Having access to the Internet is your responsibility, so have backup plans in case you have problems with your primary computer.  We will not accept excuses about technology problems as valid, unless the entire university network or the Learning Management System is offline.

2.     A subscription to ProctorU - Included in course fees


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Definition of a Credit Hour


Success in this course is based on the expectation that students will spend, for each unit of credit, a minimum of forty-five hours over the length of the course (normally 3 hours per unit per week with 1 of the hours used for lecture) for instruction or preparation/studying or course related activities. Other course structures will have equivalent workload expectations as described in the syllabus.


As an example, the expectation of work for this 10-week, 3-credit course is <u>13.5 hours of student</u> <u>work </u>related to this class each week. Examples of student work include such things as progressing through the Udacity lessons and problem sets, reading psychology-related material, and meaningful participation in online discussions.



“Classroom Protocol


Udacity lessons involve many short videos followed by interactive activities.  To some extent this course is self-paced and will require you to time manage and self-motivate appropriately.  We strongly recommend that you spend some time each day working through the lessons and problem sets.  The worst thing you could do is to wait to complete the entire lesson right before something is due.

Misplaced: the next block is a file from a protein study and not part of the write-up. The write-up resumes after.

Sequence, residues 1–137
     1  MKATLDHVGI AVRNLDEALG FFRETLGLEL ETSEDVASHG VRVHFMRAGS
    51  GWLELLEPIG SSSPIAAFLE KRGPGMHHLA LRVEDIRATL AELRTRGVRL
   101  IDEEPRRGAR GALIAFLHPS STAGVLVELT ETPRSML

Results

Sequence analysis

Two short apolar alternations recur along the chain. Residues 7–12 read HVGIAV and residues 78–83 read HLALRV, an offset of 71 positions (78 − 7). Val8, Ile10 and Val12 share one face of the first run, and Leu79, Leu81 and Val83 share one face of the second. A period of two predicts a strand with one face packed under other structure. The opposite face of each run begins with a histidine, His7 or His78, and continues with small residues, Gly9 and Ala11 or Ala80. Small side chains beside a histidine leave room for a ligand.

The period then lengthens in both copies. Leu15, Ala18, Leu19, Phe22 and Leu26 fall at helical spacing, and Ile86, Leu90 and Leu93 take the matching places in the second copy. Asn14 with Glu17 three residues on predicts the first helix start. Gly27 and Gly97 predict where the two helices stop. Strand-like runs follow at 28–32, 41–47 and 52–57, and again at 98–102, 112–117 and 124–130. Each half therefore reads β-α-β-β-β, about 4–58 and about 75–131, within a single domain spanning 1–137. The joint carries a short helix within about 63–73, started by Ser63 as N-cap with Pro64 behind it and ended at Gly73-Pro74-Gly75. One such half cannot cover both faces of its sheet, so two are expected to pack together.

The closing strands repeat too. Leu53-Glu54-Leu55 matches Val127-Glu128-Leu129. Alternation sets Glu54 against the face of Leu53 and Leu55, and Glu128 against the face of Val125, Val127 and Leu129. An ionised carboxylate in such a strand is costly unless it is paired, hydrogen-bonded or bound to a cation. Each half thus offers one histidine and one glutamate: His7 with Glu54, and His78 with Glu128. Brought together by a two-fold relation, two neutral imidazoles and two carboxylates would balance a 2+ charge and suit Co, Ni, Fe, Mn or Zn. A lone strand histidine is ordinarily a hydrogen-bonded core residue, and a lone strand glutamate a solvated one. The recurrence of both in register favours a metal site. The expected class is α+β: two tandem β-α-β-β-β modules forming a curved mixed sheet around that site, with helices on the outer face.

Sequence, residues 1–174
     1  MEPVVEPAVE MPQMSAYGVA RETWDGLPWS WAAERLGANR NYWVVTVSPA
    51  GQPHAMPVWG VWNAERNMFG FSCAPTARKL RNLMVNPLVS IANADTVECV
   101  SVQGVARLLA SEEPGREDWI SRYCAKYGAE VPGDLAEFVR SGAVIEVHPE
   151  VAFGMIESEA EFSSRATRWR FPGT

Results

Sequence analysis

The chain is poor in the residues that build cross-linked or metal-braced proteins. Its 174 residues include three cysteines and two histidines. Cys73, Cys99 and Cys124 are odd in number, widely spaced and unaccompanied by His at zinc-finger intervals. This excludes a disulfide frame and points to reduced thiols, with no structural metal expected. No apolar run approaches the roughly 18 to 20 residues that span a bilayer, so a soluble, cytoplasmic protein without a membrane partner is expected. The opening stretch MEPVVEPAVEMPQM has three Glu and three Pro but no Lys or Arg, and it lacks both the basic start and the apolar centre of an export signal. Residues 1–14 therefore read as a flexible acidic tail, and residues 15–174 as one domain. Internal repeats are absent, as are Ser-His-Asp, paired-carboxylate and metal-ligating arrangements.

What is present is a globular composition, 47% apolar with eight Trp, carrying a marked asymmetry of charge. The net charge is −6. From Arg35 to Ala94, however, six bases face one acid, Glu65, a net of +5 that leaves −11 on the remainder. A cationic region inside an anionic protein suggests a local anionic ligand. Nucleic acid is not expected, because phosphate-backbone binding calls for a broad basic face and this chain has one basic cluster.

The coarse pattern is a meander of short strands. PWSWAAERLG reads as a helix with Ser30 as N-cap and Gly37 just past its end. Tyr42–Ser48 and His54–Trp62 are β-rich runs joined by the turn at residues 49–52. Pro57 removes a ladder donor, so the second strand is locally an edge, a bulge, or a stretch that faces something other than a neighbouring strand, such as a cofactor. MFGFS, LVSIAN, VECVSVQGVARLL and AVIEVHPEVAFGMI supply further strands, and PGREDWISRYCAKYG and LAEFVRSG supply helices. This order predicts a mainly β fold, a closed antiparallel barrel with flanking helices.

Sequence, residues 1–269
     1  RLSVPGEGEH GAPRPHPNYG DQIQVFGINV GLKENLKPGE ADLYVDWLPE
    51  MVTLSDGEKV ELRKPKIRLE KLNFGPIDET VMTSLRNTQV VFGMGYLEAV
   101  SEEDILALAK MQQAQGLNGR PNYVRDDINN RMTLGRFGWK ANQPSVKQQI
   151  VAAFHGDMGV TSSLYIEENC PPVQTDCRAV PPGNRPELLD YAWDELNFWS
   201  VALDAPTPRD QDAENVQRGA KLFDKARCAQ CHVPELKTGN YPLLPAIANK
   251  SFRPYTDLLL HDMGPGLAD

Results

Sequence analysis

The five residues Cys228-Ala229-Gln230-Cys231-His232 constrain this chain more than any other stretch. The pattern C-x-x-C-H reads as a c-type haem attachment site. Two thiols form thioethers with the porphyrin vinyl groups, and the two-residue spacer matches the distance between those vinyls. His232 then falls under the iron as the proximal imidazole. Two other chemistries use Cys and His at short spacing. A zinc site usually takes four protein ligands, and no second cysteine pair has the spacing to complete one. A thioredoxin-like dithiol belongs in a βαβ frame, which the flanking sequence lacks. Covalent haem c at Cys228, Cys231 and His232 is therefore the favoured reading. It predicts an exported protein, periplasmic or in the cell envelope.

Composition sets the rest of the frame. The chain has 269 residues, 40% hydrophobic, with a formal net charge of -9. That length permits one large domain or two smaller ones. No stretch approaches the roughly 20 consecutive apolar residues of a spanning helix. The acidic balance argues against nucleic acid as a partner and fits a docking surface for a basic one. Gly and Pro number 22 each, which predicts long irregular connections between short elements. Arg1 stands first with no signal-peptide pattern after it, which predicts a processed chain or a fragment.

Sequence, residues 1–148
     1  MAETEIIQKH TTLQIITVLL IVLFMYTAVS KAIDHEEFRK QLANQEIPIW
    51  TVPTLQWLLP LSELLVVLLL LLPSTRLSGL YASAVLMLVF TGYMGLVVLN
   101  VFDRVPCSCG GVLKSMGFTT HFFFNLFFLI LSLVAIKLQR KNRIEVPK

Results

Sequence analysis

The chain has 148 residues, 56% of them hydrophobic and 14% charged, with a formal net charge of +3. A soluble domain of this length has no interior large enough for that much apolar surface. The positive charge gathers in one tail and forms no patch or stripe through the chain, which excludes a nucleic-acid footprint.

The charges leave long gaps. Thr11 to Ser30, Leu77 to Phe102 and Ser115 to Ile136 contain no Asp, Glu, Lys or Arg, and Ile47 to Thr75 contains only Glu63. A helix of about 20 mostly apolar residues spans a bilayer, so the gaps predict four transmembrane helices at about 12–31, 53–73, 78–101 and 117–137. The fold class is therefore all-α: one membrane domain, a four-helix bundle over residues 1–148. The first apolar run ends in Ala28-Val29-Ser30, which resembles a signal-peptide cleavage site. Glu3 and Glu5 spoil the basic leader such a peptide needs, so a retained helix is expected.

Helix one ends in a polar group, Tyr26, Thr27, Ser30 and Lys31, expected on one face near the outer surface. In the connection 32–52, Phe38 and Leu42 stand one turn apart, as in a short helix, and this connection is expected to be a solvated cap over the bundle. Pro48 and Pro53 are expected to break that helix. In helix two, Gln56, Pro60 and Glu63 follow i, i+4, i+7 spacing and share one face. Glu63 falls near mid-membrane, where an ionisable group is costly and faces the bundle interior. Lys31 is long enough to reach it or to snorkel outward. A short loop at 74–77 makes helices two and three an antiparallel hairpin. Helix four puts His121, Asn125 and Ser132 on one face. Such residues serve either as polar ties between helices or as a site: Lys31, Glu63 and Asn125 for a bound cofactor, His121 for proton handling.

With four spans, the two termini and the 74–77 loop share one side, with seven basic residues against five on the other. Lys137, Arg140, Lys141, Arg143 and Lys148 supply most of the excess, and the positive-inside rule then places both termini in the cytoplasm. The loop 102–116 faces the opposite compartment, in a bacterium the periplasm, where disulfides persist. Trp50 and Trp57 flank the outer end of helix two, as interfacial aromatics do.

Another valuable suggestion is that, as in a normal classroom, you should be actively <u>engaged in</u> <u>taking your own notes while watching the lessons</u>.  While it is true that the videos will remain available for you to review as many times as you require, active note taking will help you internalize the material better.  Also, you’ll be able to use these notes to complete the problems sets and study for the exams.  This will be much more convenient than trying to go back and re-watch the many videos.


Honor Code


(Reference: Academic Integrity Policy at:


In order to ensure fairness and have a single standard of representing knowledge acquired, all students participating in online SJSU courses must agree to abide by the following code of conduct.


1.     My work will be my own in this online course, except where the assignment is to work in groups or teams (we will let you know which assignments allow group work).


2.     I will not give any answers for individually graded homework, quizzes or exams to anyone else.